BREAKING: Magical sugar pills are not as effective as actual medicine!

This past September, the U.S. Food and Drug Administration issued warning letters to eight companies for manufacturing or marketing unapproved eye drops in violation of federal law. The eye drops in question, which include the brands EzriCare, Delsam, and Similasan, claim to be “homeopathic eye drop solutions” that purport to relieve dry eyes, pink eye, cataracts, styes, allergy symptoms, and computer eyes.

The problem? Homeopathy is a nonsensical, unregulated junk science and these eye drops can actually harm people.

Homeopathy is based on the belief that the body can cure itself, helped by using tiny amounts of natural substances to stimulate the healing process. The idea is that a very small dose of something that brings on symptoms in a healthy person can treat an illness with similar symptoms. So to cure poison ivy, you take a tiny amount of poison ivy, dilute it with a ton of water, and put that on a sugar pill or in liquid drops. Genius!

Homeopaths believe that the lower the dose, the more powerful the medicine, but in fact many of these “remedies” no longer contain any molecules of the original substance. Best case scenario, people are being duped into taking useless sugar pills that have no effect. But worse case scenario, they are putting dangerous, unvetted substances directly into their eyeballs, causing serious damage.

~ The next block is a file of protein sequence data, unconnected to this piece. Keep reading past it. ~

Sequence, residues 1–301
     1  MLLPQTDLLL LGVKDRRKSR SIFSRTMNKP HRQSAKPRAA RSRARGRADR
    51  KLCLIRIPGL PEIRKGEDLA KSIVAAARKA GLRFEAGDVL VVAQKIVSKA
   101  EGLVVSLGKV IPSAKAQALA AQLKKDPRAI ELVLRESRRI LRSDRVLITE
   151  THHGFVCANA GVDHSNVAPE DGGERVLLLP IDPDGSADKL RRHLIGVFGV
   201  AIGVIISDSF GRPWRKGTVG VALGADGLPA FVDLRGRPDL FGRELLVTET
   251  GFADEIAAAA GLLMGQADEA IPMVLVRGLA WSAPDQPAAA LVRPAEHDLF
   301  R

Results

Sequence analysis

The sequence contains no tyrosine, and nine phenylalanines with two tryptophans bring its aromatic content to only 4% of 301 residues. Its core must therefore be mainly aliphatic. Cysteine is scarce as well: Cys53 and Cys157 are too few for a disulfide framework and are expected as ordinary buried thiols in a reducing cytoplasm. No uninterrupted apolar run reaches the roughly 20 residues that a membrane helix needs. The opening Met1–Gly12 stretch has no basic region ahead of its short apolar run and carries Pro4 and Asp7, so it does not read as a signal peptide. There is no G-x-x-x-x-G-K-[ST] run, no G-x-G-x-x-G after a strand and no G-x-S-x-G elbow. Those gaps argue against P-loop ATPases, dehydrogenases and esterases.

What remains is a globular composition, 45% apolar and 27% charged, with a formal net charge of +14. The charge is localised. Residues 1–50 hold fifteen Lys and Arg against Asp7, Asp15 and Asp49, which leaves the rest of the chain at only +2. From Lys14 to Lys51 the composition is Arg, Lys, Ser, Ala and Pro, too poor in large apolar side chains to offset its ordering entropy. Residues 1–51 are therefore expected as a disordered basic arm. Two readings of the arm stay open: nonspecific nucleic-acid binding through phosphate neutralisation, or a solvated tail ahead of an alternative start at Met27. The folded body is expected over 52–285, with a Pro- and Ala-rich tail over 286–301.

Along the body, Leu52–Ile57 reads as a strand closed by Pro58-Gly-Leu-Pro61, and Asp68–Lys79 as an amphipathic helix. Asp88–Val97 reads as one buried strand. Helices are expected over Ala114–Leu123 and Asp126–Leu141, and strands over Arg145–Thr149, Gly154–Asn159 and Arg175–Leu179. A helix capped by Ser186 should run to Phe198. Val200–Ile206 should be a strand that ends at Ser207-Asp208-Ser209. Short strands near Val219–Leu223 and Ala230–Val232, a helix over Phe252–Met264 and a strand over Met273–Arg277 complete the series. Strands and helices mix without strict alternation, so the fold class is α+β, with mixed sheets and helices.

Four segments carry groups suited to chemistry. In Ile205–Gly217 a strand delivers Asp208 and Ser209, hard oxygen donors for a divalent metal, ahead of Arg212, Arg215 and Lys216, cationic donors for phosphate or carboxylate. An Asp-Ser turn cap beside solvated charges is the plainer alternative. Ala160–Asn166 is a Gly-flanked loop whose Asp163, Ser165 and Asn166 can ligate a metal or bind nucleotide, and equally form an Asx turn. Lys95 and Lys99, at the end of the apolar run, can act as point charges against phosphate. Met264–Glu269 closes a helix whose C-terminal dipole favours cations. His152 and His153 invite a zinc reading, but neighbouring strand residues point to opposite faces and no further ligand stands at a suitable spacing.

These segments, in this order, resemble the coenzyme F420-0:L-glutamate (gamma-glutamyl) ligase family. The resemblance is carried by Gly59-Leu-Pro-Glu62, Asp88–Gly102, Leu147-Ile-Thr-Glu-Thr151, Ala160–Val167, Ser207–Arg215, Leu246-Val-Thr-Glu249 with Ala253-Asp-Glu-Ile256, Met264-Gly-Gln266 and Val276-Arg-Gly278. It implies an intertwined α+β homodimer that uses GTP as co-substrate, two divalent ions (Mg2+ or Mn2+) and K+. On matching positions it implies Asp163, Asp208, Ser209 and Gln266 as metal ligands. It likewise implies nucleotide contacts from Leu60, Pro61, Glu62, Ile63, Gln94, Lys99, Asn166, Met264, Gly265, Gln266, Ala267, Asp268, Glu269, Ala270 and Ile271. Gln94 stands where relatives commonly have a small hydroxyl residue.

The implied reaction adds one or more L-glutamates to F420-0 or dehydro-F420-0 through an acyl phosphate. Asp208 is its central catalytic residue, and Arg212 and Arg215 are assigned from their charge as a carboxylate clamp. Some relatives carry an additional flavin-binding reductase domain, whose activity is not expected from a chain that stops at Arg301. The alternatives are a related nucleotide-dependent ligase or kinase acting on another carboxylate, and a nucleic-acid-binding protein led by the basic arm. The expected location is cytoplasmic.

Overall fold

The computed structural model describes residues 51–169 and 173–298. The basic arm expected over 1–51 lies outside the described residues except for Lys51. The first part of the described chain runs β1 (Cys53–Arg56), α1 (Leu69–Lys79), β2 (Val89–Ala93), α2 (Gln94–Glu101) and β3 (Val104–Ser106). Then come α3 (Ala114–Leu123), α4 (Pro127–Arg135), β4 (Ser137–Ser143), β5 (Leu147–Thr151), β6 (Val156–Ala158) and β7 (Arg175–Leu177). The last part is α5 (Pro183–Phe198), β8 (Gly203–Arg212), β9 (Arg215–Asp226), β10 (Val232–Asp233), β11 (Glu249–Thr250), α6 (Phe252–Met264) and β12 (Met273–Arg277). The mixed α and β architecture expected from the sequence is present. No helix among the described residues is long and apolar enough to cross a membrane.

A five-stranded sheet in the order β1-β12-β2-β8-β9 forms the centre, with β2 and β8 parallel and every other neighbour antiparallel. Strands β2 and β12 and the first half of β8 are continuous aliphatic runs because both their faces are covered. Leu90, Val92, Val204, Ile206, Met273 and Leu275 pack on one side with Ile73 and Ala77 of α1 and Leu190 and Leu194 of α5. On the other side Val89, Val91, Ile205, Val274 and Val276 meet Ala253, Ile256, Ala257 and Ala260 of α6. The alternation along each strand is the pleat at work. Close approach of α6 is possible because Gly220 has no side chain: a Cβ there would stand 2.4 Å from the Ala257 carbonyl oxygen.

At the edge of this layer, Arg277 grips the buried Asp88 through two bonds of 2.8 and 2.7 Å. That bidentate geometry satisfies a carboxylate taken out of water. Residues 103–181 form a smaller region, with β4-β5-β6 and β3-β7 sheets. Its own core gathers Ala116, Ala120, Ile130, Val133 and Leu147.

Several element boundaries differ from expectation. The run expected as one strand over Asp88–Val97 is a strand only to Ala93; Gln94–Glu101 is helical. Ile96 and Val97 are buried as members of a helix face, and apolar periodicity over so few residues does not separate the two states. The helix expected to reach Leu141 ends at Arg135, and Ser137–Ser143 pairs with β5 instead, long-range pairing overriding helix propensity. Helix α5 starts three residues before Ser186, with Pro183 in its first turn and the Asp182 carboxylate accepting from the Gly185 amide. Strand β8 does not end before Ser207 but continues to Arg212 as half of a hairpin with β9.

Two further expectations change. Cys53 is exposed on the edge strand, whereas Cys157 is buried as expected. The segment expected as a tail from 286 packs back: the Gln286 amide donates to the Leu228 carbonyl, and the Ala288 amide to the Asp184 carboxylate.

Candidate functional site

That’s why the FDA had to get involved. Some of the eye drops at issue contain silver, which can cause decreased night-vision and argyria, a condition that makes skin and eye tissue turn blue or gray. Unapproved drugs can also cause consumers to delay or stop medical treatments that have been found safe and effective through the FDA review process. And pharmacy chains like CVS and Walgreens put those products right next to the FDA-approved ones, so some shoppers might not even notice they’re buying an ineffective product.

Since the letters were issued, lawsuits targeting the eye drop companies or pharmacies have been filed in D.C., New York, Colorado, and Florida. One such lawsuit was filed by the Center for Inquiry against CVS and Walmart. Their suits alleges that the stores are violating D.C.’s Protection Procedures Act by implying that homeopathic remedies are equally effective as scientifically proven medicine. The D.C. Court of Appeals found that the use of misleading product placements and signage are unfair trade practices under the consumer protection law. Now, CFI can bring the case to a jury.

Homeopathy is one of those things that requires people to put all their trust in an unfounded belief rather than science and research. The next time you’re looking for a remedy, be on the lookout for products labeled as homeopathic, and make sure to buy eye drops and other kinds of medicine that are FDA approved.


Adriana Clark is a recent law school graduate and legal fellow with Secular AZ.